(For the record, we do also have an upper-GI study (barium swallow) scheduled, which should tell hopefully tell us a lot about the reflux. But we also have a follow-up appointment with this man, and I’d rather see ANYBODY else in his office than him, just now. And expect to change our followup appointment after consulting with the Ped on Monday. I’m extremely uneasy about giving a small child a lengthy course of laxatives, which can mess up her electrolytes and the natural flora in her gut, when I am by no means convinced she is or ever was constipated at all.)

I’m not a medical person, but my son had to be seen last year by a pediatric gastroenterologist for a similar reason and you son’s. There was no rectal exam or any suggestion of doing one. He did have other exams done, such as upper GI and endoscopy.

My take based on being seen as an (adult) patient for stomach problems a fair amount. I think you’re right to be concerned the constipation diagnosis was a little pat, and seek a second opinion.

I do, however, think you may be over-reacting to the rectal exam. Pretty much every visit I made related to stomach problems involved such an exam (various doctors, male and female). It was brief (1 minute) not a big deal, not nearly as invasive as an OB/GYN exam. If your kid has bad stomach problems, I’d think you should probably get her used to that type of exam. If your attitude is that the exam is traumatic and perverse, your kid will pick up on that. Find a doctor you trust, then treat the rectal exam just like the doctor looks in the ears and the throat. If your kid has questions, explain the parts of the digestive system and how they are connected so she understands why she needs the exam.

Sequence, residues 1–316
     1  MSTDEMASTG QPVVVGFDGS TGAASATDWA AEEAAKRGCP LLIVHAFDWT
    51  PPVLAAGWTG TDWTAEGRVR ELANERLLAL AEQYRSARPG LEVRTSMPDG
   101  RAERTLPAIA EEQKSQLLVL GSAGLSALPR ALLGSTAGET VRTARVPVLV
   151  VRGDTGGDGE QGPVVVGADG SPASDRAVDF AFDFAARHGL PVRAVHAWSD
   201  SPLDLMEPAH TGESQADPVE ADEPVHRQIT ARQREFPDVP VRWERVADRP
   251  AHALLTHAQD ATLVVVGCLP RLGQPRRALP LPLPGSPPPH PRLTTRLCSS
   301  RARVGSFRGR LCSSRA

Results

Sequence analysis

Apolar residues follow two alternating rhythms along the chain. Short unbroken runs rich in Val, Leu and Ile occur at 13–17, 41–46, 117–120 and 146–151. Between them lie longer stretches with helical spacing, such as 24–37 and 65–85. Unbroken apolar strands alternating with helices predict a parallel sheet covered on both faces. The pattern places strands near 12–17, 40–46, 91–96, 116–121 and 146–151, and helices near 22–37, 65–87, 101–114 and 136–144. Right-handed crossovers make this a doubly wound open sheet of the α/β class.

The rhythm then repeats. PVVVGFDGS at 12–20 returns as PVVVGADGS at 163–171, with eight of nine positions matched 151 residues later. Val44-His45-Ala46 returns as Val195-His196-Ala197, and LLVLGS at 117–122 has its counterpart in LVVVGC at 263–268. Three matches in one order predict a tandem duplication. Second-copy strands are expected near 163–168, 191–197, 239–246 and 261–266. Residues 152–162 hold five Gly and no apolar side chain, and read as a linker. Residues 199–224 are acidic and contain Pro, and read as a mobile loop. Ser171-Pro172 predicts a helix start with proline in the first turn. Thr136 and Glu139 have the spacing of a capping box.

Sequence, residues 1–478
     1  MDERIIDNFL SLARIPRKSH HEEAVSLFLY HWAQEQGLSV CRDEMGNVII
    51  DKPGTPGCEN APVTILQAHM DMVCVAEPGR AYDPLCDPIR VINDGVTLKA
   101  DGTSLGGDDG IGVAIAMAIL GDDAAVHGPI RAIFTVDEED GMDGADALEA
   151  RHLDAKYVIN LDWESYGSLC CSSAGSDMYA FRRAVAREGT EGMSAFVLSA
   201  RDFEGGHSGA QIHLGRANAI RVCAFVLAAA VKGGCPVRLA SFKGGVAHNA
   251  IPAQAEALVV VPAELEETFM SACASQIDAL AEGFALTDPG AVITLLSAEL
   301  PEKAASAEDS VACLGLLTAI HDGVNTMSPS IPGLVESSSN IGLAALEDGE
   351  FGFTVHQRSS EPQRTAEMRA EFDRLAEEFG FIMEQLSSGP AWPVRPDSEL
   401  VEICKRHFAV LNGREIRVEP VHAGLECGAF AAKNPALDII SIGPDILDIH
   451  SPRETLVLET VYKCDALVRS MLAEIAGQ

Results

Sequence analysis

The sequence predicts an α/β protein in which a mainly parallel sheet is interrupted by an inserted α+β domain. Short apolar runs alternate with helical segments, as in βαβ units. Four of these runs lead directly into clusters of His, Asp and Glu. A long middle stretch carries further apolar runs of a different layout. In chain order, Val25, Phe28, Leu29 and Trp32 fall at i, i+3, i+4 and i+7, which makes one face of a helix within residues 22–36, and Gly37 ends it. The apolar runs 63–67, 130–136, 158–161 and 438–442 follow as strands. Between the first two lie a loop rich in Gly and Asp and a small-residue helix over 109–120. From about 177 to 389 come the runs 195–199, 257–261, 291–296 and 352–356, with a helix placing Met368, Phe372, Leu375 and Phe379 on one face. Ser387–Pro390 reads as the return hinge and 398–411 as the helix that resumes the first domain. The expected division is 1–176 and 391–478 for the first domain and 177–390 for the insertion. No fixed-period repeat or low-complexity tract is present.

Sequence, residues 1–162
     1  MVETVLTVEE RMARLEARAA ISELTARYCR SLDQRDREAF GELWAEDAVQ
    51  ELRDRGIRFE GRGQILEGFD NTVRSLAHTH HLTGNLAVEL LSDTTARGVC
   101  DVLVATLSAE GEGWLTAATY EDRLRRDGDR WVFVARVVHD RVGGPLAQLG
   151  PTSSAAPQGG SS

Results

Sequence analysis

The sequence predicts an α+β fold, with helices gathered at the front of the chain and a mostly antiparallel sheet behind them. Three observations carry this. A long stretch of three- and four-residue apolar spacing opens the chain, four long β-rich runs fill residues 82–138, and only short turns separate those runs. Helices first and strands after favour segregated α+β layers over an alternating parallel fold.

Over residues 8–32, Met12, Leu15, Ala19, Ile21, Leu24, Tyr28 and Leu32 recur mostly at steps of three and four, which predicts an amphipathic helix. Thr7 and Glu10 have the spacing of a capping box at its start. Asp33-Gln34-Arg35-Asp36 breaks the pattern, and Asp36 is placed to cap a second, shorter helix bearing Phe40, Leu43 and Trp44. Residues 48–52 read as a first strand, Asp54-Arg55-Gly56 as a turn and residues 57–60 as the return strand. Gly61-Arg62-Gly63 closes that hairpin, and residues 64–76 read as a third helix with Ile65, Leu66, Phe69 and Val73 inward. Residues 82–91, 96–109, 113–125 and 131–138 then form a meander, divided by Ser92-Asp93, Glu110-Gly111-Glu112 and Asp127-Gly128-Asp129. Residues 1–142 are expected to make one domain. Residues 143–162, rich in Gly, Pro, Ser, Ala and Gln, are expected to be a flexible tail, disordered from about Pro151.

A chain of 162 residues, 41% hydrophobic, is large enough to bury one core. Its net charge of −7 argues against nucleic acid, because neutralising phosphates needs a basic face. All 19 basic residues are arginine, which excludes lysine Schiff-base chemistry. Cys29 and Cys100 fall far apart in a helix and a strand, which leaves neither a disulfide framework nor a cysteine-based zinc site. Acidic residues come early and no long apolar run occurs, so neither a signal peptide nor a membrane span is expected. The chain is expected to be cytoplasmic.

I’ve had stomach trouble since about the same age, and had to see a specialist at around 7-8.

My symptoms were vomiting weekly (always on Wednesday, I’d wake up early thinking I had to have a BM, then directly afterwards I’d vomit every half hour for about 4 hours.)

My first exam with a specialist included x-rays and a rectal exam. I’m not entirely sure what happened, but I seem to recall that she inserted something resembling cardboard litmus paper to see if I was bleeding inside.

Turns out I had impacted constipation.

Treatment was a daily mild laxative, two doses of mineral oil per day, and (this is way, way TMI) milk and mollassus enemas (3 total). I’d go back every week for another abdominal film. It took a while, maybe a month total, but it did work…fortunately on the visit before I’d have had to have an endoscopy.

Having said that, I had a family history of ulcers, as my sister had a perforated ulcer at age 16, and they got that out of the way before moving on. My mother requested the H. Pylori test, though I’m not sure I ever got it. Since then I’ve not had the same problem, just my good old gastritis and IBS. I’d certainly seek a second opinion, but the rectal exam is par for the course.

I have had reflux problems for years. Not on any medication now BUT the head of the bed is raised approx 3." Nothing to eat within four hours of bed time and nothing to drink within 2 hours of bed time. No problems.